“What a dumb s---,” said one Republican House lawmaker who asked for anonymity in discussing Palin’s timing frankly. “It’s all about her, all the time, isn’t it?”

Palin’s allies believe she has been wronged, and even those who questioned her timing said that she has a right to defend herself against the implication that she somehow helped inspire mass murder.

The former Alaska governor warned in the video that such accusations could have a chilling effect on a core tenet of American democracy: free speech.

“If you don’t like a person’s vision for the country, you’re free to debate that vision. If you don’t like their ideas, you’re free to propose better ideas,” Palin said. “But especially within hours of a tragedy unfolding, journalists and pundits should not manufacture a blood libel that serves only to incite the very hatred and violence they purport to condemn. That is reprehensible.”

Indiana Rep. Mike Pence, a potential 2012 Republican presidential primary adversary, defended Palin’s posting.

“Sarah Palin has every right to defend herself and to defend her reputation,” said Pence, who may run for governor rather than president. “The efforts to lay blame at the feet of Sarah Palin or anyone else are absurd.”

His remarks echoed those he made on the floor after paying tribute to Giffords.

“We should always refrain from engaging in personal verbal attacks against those with whom we differ on important questions of the day. But let me say, we must also resist, in these moments of heartache, the temptation to assign blame to those with whom we differ for the acts of others,” he said. “No expressed opinion, on the left or the right, was to blame for Saturday’s attack, and we must resist efforts to suggest otherwise because to do so has the potential to inhibit and erode our freedom.”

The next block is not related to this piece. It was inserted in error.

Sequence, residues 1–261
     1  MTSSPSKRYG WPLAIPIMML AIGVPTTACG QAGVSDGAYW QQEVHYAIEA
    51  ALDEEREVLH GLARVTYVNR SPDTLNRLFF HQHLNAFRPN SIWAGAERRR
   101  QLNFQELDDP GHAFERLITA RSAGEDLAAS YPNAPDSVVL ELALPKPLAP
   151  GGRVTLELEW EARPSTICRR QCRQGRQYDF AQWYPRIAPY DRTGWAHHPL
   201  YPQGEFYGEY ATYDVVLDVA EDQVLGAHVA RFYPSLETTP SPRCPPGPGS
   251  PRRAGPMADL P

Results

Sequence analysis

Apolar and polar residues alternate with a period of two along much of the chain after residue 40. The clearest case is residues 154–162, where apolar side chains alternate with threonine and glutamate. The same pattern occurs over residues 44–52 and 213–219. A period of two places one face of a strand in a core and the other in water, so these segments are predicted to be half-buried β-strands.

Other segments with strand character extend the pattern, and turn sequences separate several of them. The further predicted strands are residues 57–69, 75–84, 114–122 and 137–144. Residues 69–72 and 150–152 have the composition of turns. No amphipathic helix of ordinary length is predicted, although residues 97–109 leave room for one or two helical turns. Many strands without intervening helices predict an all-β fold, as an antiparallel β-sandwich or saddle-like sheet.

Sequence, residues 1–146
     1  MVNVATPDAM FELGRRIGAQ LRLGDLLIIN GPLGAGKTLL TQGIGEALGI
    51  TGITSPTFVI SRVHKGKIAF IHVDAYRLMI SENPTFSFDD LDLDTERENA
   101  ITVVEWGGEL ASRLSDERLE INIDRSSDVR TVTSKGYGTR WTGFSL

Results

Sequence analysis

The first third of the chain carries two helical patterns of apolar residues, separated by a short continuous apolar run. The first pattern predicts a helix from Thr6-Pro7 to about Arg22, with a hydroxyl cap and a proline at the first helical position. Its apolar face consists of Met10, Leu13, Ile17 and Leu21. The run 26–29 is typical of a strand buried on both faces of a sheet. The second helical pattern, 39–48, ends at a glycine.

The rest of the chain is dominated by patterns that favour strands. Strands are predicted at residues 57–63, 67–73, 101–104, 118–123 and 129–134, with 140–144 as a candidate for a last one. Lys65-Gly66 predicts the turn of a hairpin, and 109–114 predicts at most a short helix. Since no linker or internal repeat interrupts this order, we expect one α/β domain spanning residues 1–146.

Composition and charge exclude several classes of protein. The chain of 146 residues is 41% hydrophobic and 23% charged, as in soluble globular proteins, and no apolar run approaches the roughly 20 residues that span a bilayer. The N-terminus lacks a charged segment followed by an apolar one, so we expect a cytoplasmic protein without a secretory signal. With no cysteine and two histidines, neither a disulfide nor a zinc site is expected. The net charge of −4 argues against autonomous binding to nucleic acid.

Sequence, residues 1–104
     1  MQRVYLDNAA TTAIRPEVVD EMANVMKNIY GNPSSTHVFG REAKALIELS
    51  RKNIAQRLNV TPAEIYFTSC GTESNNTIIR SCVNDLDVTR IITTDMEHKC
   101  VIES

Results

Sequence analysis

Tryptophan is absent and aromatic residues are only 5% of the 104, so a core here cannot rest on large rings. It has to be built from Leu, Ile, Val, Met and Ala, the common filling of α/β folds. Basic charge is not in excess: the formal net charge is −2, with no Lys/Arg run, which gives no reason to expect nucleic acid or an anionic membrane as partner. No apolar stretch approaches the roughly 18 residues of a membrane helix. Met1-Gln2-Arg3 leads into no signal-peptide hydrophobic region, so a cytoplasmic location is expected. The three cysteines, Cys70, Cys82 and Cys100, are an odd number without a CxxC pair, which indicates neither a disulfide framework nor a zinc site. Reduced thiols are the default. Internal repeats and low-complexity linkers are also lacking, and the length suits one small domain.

Asked about the “blood libel” remark, Brad Dayspring, a spokesman for Majority Leader Eric Cantor of Virginia — the highest-ranking Jewish Republican in Congress — said his boss is focused on the victims of the tragedy.

“Eric hopes that members, journalists and all Americans keep their hearts, prayers and hopes with Congresswoman Giffords, the victims of this horrific tragedy and their families, who are no doubt grieving today and in need of our collective support,” Dayspring said.

In her first comments on the tragedy in Tucson — issued Saturday — Palin had simply offered her prayers.

“My sincere condolences are offered to the family of Rep. Gabrielle Giffords and the other victims of today’s tragic shooting in Arizona,” she said in a statement. “On behalf of Todd and my family, we all pray for the victims and their families and for peace and justice.”

© 2011 Capitol News

Christina Taylor Green's slaying has profound impact on Tucson children